Engineers can make large-scale solar storage feasible using rust

While solar power is an abundant resource for alternative energy, one common issue encountered is storing that energy for later use.

Now, engineers from Stanford University have discovered that ordinary metal oxides, like rust, can be fashioned into solar cells capable of splitting water into hydrogen and oxygen.

Stanford students show that heating metal oxide solar cells increased their efficiency. (Image Credit Tom Abate)
Stanford students show that heating metal oxide solar cells increased their efficiency. (Image Credit Tom Abate)

By splitting water molecules during the day, researchers can actually store energy for night use. The photons captured by the cell are converted into the electrons that provide the energy to split water. By reassembling the hydrogen and oxygen when it’s dark, the energy could be reclaimed and send power back into the grid– without burning fossil fuels and releasing more carbon into the atmosphere, as an added bonus.

Researchers already knew of the solar-power potential metal oxides possessed, but metal oxide solar cells were also considered to be less efficient at converting photons to electrons than silicon solar cells.

The Stanford team proved otherwise. It demonstrated that when metal oxide solar cells became hotter, they actually converted photons into electrons more efficiently, which is not the case for silicon solar cells, which become less efficient when heated.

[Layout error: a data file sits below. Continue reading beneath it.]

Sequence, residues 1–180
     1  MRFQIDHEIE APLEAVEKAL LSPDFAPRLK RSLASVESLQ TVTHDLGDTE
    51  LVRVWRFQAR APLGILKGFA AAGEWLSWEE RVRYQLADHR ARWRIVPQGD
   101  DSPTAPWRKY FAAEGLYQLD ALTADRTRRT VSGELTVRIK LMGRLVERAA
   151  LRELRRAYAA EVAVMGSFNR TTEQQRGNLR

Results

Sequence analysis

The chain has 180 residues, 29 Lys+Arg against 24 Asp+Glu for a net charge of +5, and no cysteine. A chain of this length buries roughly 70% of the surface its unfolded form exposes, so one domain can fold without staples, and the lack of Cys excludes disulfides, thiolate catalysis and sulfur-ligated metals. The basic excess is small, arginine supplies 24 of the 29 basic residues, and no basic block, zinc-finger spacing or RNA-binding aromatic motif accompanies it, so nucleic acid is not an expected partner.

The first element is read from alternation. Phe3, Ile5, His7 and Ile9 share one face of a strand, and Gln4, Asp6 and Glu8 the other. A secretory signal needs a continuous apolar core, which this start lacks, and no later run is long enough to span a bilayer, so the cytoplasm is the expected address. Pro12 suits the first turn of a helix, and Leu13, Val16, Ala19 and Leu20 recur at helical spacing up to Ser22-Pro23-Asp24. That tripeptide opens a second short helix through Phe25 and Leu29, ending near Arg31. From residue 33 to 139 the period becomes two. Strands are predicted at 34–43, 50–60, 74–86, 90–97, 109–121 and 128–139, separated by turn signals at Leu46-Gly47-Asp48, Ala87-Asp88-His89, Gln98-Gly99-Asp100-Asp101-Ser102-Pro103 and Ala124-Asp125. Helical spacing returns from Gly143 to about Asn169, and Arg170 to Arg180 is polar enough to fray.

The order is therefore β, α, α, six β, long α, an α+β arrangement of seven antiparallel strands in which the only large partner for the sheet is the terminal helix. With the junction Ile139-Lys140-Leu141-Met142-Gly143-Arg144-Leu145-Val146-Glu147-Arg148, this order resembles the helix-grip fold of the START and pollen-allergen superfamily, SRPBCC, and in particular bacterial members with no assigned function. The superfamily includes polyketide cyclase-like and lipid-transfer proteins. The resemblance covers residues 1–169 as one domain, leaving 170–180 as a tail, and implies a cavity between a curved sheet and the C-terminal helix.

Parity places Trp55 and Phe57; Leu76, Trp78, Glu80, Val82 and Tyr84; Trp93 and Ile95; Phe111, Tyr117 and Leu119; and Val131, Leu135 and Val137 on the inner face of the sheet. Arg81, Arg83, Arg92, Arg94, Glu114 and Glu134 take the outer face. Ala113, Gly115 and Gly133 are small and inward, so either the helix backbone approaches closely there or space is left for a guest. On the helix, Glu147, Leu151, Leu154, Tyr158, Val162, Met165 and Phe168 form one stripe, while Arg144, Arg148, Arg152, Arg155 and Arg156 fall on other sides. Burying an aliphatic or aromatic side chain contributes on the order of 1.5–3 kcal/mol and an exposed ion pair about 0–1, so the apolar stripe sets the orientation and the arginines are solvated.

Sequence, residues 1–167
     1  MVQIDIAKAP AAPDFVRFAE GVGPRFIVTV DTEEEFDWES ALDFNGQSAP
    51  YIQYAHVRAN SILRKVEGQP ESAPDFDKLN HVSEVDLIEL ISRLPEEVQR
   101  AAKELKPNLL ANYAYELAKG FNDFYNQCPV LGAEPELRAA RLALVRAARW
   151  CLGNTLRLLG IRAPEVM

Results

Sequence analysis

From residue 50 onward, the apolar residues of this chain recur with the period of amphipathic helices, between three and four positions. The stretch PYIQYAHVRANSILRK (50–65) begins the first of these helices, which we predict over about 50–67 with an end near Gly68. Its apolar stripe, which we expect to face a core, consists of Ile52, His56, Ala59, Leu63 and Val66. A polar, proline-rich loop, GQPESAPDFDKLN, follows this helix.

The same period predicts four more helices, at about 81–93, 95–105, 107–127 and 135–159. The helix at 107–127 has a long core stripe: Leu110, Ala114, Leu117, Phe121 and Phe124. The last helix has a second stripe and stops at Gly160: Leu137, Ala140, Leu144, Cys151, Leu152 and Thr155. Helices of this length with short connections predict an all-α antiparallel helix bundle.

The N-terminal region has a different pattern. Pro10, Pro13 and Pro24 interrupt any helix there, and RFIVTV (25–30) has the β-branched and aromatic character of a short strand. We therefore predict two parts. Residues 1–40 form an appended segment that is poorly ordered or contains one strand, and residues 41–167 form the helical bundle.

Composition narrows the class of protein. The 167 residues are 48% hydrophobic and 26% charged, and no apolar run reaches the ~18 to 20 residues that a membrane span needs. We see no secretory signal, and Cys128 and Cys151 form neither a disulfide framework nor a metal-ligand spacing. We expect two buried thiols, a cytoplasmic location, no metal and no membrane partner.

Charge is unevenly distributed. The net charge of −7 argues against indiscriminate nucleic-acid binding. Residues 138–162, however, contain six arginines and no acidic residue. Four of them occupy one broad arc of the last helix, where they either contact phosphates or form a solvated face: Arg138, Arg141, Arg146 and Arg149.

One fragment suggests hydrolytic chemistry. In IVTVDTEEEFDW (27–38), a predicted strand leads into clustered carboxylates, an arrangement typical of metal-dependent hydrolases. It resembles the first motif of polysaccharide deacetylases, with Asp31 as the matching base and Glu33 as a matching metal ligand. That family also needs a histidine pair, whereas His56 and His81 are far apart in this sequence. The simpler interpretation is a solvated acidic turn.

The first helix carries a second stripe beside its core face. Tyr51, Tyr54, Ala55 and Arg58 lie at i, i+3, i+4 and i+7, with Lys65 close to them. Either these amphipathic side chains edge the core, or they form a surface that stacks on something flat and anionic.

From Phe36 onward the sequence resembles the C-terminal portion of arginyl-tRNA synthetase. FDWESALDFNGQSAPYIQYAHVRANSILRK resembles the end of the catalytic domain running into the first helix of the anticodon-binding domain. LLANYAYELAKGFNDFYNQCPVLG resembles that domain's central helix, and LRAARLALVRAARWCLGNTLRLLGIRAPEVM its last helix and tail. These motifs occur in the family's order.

“We’ve shown that inexpensive, abundant and readily processed metal oxides could become better producers of electricity than was previously supposed,” said William Chueh, assistant professor of materials science and engineering.

The team’s discovery could lead to a change in how we produce, store and consume energy by creating on-demand power of the sun.

Chueh believes that these findings will bring attention back to developing cost-effective alternatives to silicon solar cells. He even thinks that metal oxide alternatives could have potential applications in power vehicles and other machines that pollute the environment, due to the pure hydrogen gas produced by water-splitting.

“We can store these gases, we can transport them through pipelines, and when we burn them we don’t release any extra carbon,” said Chueh. “It’s a carbon-neutral energy cycle.”

See the full story: Stanford University

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